When you’re engaging in negative self-talk, it’s all too easy to get caught up in thinking you’re the only one that feels this way, which can be very isolating, and perpetuate the anxious thoughts even further. Try to remember that everyone suffers from self-doubt, imposter syndrome and anxiety from time to time. Be comforted by that fact that you’re not the only one.
We introverts might not be the most socially outgoing people. We may not thrive on networking events or enjoy making small talk, but what we typically do excel at is making meaningful connections and having real, in-depth conversations. Don’t feel as though you have to beat the extroverts at their game, by working the room and collecting as many business cards as possible. Instead, focus on what you’re good at and, if you’re a typical introvert, what is likely to bring you more value and satisfaction, which is making connections with people you can have a real, honest conversation with.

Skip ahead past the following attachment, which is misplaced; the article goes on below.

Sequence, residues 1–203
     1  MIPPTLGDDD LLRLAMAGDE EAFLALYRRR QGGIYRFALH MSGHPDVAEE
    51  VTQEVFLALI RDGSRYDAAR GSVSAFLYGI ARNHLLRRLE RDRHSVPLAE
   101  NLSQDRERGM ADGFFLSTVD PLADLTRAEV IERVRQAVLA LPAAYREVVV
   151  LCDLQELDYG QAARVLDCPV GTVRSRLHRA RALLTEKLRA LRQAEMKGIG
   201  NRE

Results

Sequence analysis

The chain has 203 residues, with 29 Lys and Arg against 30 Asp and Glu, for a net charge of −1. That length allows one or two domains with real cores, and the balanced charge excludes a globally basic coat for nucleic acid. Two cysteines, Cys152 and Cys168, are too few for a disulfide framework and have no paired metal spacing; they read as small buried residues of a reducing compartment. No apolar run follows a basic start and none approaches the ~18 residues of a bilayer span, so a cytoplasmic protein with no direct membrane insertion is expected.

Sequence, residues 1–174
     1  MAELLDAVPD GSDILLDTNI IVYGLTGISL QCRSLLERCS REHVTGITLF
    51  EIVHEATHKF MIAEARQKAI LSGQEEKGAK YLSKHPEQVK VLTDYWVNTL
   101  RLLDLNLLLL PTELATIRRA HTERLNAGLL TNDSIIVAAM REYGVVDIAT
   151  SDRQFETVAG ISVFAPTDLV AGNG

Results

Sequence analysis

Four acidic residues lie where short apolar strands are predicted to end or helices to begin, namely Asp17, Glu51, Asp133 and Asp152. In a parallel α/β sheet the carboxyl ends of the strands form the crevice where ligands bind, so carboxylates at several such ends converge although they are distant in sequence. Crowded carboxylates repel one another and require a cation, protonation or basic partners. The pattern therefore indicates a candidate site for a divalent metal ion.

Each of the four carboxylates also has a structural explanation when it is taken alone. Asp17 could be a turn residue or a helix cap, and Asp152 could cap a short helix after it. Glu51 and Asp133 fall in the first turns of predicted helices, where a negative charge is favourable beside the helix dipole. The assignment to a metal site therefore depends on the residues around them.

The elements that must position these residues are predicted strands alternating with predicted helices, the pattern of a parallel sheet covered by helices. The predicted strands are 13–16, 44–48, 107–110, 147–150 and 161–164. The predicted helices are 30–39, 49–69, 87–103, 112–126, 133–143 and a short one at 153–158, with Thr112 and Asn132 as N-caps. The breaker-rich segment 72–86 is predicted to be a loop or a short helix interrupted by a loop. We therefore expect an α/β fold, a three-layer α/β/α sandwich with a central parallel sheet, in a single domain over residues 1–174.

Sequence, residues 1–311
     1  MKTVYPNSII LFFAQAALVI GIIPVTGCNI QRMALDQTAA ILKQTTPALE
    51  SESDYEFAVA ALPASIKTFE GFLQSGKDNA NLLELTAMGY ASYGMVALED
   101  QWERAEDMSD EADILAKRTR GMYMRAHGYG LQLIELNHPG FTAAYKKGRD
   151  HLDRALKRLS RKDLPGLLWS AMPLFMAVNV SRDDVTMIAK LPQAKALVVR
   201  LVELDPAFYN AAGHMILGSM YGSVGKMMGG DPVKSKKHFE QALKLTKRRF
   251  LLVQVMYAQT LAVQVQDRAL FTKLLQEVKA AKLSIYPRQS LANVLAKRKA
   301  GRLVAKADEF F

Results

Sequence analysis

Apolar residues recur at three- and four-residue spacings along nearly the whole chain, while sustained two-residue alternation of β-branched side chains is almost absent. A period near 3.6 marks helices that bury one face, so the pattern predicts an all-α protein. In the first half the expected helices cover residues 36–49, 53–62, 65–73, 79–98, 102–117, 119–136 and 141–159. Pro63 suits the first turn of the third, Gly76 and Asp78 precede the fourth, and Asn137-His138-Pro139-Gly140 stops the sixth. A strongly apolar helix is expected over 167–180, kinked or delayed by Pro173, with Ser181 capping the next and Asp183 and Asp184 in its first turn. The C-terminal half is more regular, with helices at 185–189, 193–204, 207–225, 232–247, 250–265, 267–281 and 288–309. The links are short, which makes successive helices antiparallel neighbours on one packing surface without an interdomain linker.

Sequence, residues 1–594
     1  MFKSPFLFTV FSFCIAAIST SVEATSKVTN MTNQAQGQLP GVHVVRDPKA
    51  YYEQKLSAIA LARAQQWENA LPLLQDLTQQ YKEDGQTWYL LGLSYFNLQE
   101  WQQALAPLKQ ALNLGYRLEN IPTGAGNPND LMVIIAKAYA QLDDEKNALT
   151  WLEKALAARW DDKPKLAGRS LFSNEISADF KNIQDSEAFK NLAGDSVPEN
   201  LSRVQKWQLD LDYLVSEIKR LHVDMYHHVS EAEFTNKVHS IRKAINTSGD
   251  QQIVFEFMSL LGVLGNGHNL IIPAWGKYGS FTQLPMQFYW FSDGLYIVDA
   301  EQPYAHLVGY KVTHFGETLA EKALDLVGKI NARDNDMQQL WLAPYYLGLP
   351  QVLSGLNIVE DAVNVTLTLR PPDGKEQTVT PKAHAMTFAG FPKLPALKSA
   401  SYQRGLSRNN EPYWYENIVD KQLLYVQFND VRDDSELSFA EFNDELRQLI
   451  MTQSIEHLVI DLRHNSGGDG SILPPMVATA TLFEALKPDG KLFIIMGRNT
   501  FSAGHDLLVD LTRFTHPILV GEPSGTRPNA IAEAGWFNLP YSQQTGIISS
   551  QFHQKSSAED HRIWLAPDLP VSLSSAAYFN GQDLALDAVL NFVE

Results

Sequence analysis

One of those rules of networking you hear all the time these days is to ‘fake it ‘til you make it’. While this is an effective strategy that has helped me work up the courage to enter a room filled with strangers on many occasions, don’t be afraid of shying away from who you are and what you’re feeling. It’s perfectly normal to feel anxious before and during networking events, and if you are honest about how you’re feeling with someone you meet, you might just help someone else realise they’re not alone and make yourself feel more comfortable in the process.
After all, we’re all human … even the seemingly scary, perfect grammar-Nazi-like editorial gatekeepers.
I’m beyond excited for the next IPEd conference in Hobart, and not just because I want to settle down in Tasmania one day. I can’t wait to celebrate and learn from professional peers and colleagues about their own interpretations of the conference theme and to connect with others who may also feel like they too are on the edge, of the editorial industry or of society. If ever there was a time for those of us who feel on the edge to be a part of and contribute to the conversation, and to feel as if we’re with our tribe, this is it.
Emma Bell is a socially anxious introvert who is passionate about mental health advocacy and blogs about her experience at The Anxious Empath. She works in the higher education industry and is passionate about writing, editing and sharing ideas and stories that empower and inspire others. You can connect with her via LinkedIn or Twitter.